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Software Project Management

Chapter 3

Step Wise: An
approach to
planning software
projects

SPM (5e) Step Wise: an introduction to project planning© The McGraw-Hill Companies, 2009 1
objectives

When you have completed this chapter you will be


able:
Approach project planning in an organized step-
by-step manner
See where the techniques described in other
chapters fit into an overall planning approach;
Repeat the planning process in more detail for
sets of activities within a project as the time comes
to execute them.

SPM (5e) Step Wise: an introduction to project planning© The McGraw-Hill Companies, 2009 2
Introduction

This chapter describes a framework of basic steps in


project planning upon which the following chapters
build.
Many different techniques can be used in project
planning and this chapter gives an overview of the
points at which these techniques can be applied
during project planning.

SPM (5e) Step Wise: an introduction to project planning© The McGraw-Hill Companies, 2009 3
‘Step Wise’ - aspirations

Practicality
tries to answer the question ‘what do I do now?’
Scalabilityy
useful for small project as well as large
Range of application
Accepted techniques
e.g. borrowed from PRINCE etc

SPM (5e) Step Wise: an introduction to project planning© The McGraw-Hill Companies, 2009 4
‘Step Wise’ - an overview
0.Select
0 S l t
1. Identify project 2. Identify project
project objectives infrastructure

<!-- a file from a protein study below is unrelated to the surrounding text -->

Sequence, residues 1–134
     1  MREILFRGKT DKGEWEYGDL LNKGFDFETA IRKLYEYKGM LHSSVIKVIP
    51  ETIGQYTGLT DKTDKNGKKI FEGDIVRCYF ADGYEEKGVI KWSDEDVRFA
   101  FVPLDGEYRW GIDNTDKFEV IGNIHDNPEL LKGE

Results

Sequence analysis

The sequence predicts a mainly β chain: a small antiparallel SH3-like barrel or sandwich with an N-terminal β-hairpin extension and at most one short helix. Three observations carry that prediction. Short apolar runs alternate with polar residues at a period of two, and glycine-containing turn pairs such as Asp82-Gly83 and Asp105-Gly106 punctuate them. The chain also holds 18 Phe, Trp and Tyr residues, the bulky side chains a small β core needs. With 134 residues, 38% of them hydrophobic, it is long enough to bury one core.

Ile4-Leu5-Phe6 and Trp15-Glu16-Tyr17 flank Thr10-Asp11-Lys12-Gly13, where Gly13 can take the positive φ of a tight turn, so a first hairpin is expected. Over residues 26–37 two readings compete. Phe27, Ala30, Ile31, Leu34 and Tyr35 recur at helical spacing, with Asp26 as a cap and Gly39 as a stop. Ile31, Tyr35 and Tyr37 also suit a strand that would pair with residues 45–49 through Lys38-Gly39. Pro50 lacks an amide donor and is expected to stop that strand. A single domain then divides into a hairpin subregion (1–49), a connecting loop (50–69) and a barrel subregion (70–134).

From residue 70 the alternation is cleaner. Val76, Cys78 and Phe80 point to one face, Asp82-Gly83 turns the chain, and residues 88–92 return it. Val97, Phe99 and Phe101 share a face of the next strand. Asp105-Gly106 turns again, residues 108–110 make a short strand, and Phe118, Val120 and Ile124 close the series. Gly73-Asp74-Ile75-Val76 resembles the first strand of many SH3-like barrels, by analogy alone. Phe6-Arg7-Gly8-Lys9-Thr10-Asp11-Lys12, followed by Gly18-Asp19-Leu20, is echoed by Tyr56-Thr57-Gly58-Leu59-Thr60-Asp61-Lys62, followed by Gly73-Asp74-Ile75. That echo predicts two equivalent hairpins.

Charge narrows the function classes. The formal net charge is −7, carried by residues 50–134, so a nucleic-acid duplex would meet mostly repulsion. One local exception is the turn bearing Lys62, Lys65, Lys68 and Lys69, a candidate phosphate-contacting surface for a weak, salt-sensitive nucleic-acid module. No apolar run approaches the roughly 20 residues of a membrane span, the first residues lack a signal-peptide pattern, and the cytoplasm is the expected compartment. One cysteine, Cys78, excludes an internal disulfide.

3. Analyse
project
characteristics

Review 4. Identify products


and activities
Lower
level 5. Estimate effort
detail for activity For each
activity
6. Identify activity
risks
10. Lower level
7. Allocate
planning
resources
Figure
g 1:An overview on Step
p Wise
8. Review/ publicize
9. Execute
SPMplan plan The McGraw-Hill Companies, 2009
(5e) Step Wise: an introduction to project planning© 5
A project scenario: Brightmouth
College Payroll

College currently has payroll processing carried out


by a services company
This is very expensive and does not allow detailed
analysis of personnel data to be carried out
Decision made to bring payroll ‘in-house’ by acquiring
an ‘off
off-the-shelf
the shelf’ application

SPM (5e) Step Wise: an introduction to project planning© The McGraw-Hill Companies, 2009 6
Project scenario - continued

The use of the off-the-shelf


off the shelf system will require a new
new,
internal, payroll office to be set up
There will be a need to develop some software ‘add-
ons’:: one will take payroll data and combine it with
ons
time-table data to calculate the staff costs for each
course run in the college
Th project
The j t manager is i B
Brigette.
i tt

SPM (5e) Step Wise: an introduction to project planning© The McGraw-Hill Companies, 2009 7
Step 1 establish project scope and
objecti es
objectives
1.1
1 1 Identify objectives and measures of effectiveness
‘how do we know if we have succeeded?’
1.2 Establish a p project
j authority
y
‘who is the boss?’
1.3 Identify all stakeholders in the project and their
interests
‘who will be affected/involved in the project?’

SPM (5e) Step Wise: an introduction to project planning© The McGraw-Hill Companies, 2009 8
Step 1 continued

1.4
1 4 Modify objectives in the light of stakeholder
analysis
‘do we need to do things to win over
stakeholders?’
1.5 Establish methods of communication with all
parties
‘how do we keep in contact?’

SPM (5e) Step Wise: an introduction to project planning© The McGraw-Hill Companies, 2009 9
Back to the scenario

Project authority
- Brigette finds she has two different clients for the

new system: the finance department and the


personnel office.
office A vice principal agrees to be official
client, and monthly meetings are chaired by the VP
and attended by Brigette and the heads of finance
and personnel
- These meetings would also help overcome